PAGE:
Stocks of corn and soybeans remain extremely tight but corn stocks are nowhere near as tight as expected, according to USDA’s quarterly Grain Stocks report released March 28.
Corn stocks as of March 1, 2013, were 5.4 billion bushels, 387 million bushels larger than the average trade estimate of 5.013 billion bushels. While corn stocks are 16% smaller than a year ago and the lowest since 2004, larger-than expected corn stocks means demand has softened.
Since December 1, 2012, corn stocks declined 2.63 billion bushels. A year ago, December-February corn stocks fell 3.62 billion bushels. Feed and residual use for the recent quarter was historically low, says Brian Basting of Advance Trading, Bloomington, Illinois. Basting was the commentator on an MGEX press briefing following the release of the report.
"We’ve seen a dramatic decrease in corn usage year to year," says Chad Hart, agricultural economist with Iowa State University. Demand from the ethanol sector fell 2%, feed and residual use dropped 13%, and corn exports fell 55% due to recent high prices.
"The report is bearish corn, at least for old-crop," says Hart. "Stocks are still tight, just not as tight as we expected." May and July corn futures plummeted their 40-cent limits following the release of the report.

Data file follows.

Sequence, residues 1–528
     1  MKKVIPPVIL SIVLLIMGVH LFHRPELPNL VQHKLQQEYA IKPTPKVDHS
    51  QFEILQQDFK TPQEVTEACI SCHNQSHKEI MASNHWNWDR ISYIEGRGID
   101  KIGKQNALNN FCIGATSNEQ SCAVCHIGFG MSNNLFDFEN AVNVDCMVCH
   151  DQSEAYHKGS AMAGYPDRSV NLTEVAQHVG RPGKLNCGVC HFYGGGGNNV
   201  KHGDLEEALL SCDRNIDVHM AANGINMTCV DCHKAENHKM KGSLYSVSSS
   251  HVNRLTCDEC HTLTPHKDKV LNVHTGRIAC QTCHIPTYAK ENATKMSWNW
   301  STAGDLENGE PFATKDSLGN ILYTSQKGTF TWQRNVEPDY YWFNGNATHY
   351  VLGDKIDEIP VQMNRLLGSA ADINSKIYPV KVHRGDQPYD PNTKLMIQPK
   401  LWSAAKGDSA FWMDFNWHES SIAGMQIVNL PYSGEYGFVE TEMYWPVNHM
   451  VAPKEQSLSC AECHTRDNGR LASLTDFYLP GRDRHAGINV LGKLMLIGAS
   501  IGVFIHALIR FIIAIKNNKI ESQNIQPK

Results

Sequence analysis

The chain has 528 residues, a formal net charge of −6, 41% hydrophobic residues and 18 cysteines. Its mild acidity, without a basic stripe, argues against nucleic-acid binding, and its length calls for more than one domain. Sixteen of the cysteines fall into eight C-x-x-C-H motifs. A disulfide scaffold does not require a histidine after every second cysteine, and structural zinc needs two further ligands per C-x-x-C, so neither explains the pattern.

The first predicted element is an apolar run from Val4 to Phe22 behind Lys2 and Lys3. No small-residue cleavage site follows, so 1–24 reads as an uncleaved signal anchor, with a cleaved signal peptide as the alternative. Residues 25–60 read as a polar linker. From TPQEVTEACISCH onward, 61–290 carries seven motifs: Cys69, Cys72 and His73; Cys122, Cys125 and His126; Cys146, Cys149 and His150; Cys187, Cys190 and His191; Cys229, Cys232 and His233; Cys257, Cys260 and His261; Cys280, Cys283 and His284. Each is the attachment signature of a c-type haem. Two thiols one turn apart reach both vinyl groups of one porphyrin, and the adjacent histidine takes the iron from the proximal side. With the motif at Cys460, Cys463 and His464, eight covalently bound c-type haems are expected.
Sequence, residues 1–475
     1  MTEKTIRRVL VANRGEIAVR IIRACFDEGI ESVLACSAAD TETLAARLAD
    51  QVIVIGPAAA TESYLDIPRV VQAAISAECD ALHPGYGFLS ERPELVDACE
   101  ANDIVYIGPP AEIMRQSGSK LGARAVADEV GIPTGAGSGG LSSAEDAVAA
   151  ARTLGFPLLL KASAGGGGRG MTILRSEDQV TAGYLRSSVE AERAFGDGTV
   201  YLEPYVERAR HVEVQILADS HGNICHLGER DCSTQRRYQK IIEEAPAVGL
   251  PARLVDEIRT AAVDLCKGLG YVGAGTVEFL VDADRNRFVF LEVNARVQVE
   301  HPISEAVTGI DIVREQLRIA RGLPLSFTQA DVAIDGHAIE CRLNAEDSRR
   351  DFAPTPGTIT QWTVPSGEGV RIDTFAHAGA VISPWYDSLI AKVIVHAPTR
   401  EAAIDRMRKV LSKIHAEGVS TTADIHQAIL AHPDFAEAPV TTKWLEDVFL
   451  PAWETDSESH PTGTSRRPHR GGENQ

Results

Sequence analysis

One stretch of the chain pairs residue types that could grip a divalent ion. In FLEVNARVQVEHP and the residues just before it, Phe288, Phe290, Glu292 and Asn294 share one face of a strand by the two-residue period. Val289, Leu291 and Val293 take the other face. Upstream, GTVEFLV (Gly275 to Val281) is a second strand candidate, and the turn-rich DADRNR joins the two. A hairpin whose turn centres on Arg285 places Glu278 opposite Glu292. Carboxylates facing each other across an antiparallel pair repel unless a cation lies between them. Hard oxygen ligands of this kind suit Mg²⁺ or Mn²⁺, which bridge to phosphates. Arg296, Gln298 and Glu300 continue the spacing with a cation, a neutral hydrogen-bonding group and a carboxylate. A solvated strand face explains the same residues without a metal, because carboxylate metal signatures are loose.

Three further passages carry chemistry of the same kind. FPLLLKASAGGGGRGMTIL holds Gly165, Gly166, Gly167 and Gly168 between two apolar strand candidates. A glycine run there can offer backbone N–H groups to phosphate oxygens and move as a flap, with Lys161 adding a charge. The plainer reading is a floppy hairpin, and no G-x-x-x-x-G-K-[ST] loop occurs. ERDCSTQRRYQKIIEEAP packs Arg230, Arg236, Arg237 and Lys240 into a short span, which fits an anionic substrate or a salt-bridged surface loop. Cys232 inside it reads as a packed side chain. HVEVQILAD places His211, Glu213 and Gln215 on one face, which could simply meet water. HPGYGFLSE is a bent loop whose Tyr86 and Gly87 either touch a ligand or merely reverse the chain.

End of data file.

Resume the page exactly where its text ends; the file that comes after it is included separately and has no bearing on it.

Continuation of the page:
The corn-wheat link
All wheat stocks as of March 1 were just over 2% higher than year-ago levels at 1.23 billion bushels, according to the Grain Stocks report. Wheat stocks as of March 1 fell 16% from December 1 levels of 1.66 billion bushels. Still just like with corn, quarterly wheat stocks were significantly higher than the average pre-report trade estimate of 1.177 billion bushels due to lower feed use.
"What we are hearing since March 1, is that quite a bit of wheat is being considered and committed into feed rations because of the price advantage to corn. We could start to see tremendous feeding of wheat," says Basting.
Corn and wheat prices have been linked and will continue to be linked, and prices favor feeding of wheat when possible, notes Basting. "Weather permitting, we have the potential to rebuild stocks, particularly for corn and that could weigh on wheat prices as well," he adds. Old-crop wheat futures sank following the report.
Soybean stocks were also stronger than expected at 999 million bushels, compared with the average trade estimate of 935 million bushels. Still quarterly stocks as of March 1 are well below last year’s 1.374 billion bushels. Since December 1, soybean stocks have fallen 28%. Even so, weaker than expected demand for soybeans sent old-cop futures plunging in the wake of the stocks report.
March 28 Prospective Plantings, Grain Stocks Reports
See all of the report data, coverage and analysis of USDA's March 28 Prospective Plantings and Grain Stocks reports.